Von Furstenberg on the evolution of her role within the company: “We’re in the fashion business. Things come in, they go out. Things change. It was time to really push the refresh button in a big way. Still being effortless and sexy and on-the-go…but I love the idea of stepping away from the creative [role]. I’m actually really happy to never have to do another color palette in my life….You don’t want to take away from the heritage. As Jonathan said, there is an emotional attachment [to the brand]….and we want to keep that. That’s the capital. But it’s a good time now to refresh again. I am very happy to take a step backward in the business and watch them succeed.”
Saunders on how he plans to shake things up at DVF: “What’s exciting is that everyone is questioning the traditional formats in which we communicate, both within the industry and directly to the consumer. At our latest presentation, I thought it was really important to spend time with editors to discuss the re-branding and the new direction we’re going in…to sit down and speak to editors about the clothing and about how we could partner together in new and interesting ways. For me, that was invaluable. Even changing the format of that was a great start. Also, in thinking about how we structure the collections — because previously, the names that we were giving the collections were completely inappropriate for the seasons we dropped them in, so we’re focusing on giving the woman what she wants when she wants it…For me, that’s been the most enlightening process of the past few months: thinking about how we can do things in a different way.”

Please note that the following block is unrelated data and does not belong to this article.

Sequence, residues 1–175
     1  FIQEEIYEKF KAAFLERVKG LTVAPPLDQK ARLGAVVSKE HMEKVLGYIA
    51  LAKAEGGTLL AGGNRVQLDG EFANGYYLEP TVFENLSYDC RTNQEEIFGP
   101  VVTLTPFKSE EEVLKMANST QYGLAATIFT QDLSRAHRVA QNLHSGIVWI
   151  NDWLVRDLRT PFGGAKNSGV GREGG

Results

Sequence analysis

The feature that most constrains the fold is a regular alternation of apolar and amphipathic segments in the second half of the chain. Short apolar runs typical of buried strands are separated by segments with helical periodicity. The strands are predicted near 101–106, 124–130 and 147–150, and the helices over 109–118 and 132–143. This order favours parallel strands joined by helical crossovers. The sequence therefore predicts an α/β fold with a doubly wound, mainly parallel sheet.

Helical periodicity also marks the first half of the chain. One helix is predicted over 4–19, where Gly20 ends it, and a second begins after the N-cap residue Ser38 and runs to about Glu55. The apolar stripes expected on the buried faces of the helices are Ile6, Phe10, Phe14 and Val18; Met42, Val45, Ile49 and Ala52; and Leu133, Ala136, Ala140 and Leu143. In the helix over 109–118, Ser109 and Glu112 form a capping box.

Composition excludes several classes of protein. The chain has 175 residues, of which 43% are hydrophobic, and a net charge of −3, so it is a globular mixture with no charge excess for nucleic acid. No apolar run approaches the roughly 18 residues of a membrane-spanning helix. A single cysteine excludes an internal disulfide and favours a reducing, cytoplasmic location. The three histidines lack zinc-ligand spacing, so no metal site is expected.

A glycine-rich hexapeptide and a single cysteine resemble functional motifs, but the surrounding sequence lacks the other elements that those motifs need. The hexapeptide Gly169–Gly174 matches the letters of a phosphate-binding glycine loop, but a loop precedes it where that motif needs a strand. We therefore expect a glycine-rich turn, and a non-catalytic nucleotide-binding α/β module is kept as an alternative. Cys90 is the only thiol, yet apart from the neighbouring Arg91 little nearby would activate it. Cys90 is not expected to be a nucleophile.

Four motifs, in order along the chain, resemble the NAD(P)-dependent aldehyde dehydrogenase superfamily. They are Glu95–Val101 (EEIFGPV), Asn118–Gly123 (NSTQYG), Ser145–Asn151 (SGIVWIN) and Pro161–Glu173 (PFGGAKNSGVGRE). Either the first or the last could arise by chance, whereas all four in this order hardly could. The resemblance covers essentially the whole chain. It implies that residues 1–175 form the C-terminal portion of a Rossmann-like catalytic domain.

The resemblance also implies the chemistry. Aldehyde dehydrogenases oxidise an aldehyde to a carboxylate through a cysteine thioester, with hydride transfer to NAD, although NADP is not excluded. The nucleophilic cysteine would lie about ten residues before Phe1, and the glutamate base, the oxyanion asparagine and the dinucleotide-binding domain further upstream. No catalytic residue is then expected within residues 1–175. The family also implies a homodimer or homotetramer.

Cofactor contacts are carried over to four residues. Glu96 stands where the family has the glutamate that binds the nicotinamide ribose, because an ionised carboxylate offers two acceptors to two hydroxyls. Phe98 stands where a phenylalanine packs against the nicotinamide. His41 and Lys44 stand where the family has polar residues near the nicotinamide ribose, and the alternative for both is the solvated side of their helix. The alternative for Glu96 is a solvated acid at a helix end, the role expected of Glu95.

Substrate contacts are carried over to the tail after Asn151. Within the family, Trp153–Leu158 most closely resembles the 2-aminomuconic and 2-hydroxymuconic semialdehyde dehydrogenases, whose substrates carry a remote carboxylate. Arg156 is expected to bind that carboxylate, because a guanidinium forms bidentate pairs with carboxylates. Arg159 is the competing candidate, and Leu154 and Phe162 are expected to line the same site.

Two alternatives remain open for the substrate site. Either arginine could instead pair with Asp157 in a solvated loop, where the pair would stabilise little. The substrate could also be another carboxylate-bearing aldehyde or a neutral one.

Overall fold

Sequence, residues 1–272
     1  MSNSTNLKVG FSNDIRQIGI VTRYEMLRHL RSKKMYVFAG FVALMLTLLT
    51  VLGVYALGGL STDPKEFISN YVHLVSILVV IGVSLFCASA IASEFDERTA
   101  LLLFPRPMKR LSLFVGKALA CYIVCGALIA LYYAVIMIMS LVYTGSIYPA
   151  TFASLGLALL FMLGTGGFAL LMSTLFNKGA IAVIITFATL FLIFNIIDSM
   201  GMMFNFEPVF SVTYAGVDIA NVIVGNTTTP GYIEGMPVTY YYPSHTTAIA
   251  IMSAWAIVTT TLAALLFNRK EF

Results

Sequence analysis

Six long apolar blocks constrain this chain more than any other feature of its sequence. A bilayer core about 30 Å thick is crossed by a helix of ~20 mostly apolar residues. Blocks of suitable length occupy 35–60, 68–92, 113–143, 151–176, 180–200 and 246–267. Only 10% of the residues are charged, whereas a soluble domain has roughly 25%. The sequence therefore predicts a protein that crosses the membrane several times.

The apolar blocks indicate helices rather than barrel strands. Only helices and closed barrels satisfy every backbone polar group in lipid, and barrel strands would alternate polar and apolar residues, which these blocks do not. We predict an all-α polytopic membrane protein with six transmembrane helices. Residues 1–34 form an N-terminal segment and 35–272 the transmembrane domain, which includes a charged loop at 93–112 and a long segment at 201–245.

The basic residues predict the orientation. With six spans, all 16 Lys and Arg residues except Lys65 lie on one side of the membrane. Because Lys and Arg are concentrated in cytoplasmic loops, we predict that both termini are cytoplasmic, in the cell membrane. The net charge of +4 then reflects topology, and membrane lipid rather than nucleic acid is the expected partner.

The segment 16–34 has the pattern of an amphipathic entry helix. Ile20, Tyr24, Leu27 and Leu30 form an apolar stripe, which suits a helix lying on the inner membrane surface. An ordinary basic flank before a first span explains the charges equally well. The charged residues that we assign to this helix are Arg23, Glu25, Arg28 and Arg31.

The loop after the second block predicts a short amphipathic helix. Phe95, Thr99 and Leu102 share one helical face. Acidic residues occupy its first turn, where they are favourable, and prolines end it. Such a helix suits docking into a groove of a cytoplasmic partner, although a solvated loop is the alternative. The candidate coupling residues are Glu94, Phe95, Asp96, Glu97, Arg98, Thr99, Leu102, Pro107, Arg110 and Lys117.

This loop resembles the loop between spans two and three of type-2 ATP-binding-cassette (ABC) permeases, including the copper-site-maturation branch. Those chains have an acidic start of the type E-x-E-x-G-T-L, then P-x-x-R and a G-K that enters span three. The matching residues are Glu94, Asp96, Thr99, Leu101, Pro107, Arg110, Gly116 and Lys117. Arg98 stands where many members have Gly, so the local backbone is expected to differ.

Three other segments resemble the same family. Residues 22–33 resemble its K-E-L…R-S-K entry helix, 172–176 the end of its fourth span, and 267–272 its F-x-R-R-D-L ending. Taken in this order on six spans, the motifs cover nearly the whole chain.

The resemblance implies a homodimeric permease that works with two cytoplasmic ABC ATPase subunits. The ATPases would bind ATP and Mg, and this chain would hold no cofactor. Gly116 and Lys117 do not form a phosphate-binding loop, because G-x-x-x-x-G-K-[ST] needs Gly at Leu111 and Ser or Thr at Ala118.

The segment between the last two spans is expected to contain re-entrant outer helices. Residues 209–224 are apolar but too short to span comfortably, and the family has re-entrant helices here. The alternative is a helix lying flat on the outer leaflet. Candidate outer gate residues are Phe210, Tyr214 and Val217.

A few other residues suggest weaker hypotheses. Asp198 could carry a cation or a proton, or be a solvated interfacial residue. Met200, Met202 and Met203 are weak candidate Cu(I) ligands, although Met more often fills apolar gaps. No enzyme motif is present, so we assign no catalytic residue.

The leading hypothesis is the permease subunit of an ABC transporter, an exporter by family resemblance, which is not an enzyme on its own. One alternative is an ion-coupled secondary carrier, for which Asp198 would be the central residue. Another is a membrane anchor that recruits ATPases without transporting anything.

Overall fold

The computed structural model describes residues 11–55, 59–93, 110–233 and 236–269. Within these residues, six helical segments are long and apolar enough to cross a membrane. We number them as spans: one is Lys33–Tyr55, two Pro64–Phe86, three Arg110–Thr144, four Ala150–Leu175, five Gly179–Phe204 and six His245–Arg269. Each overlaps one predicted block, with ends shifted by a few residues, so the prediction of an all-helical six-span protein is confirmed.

Von Furstenberg’s advice for budding designers: “Everyone is trying to figure out how they’re gonna make it to the next decade. The digital revolution has hit every industry and clearly, it is hitting our industry in a great and difficult way. Everything is transparent. You can find anything at any price…We’re all surfing the tsunami. And we’re not sure where it’s going. My advice to everyone, especially small designers, is to really think about who you are: What is your identity, what is your reason to be, what is it that you offer that is different? And really focus on that very much. And then, the truth is — don’t look at the old ways of doing business. You don’t necessarily have to sell to department stores…At this very moment, it is an advantage to be small. Everybody can have a web site. Everyone can do social media. There are a lot of different ways to do things. To be small is good…There is too much of everything. Too much pollution. Create the desire, the need. Focus on what women want and when they want it…Follow the calendar of a woman’s life. How she functions when the weather changes. Think about who you cater to. And make sure you give her what she wants — but she doesn’t always know what she wants. You also have to surprise her.”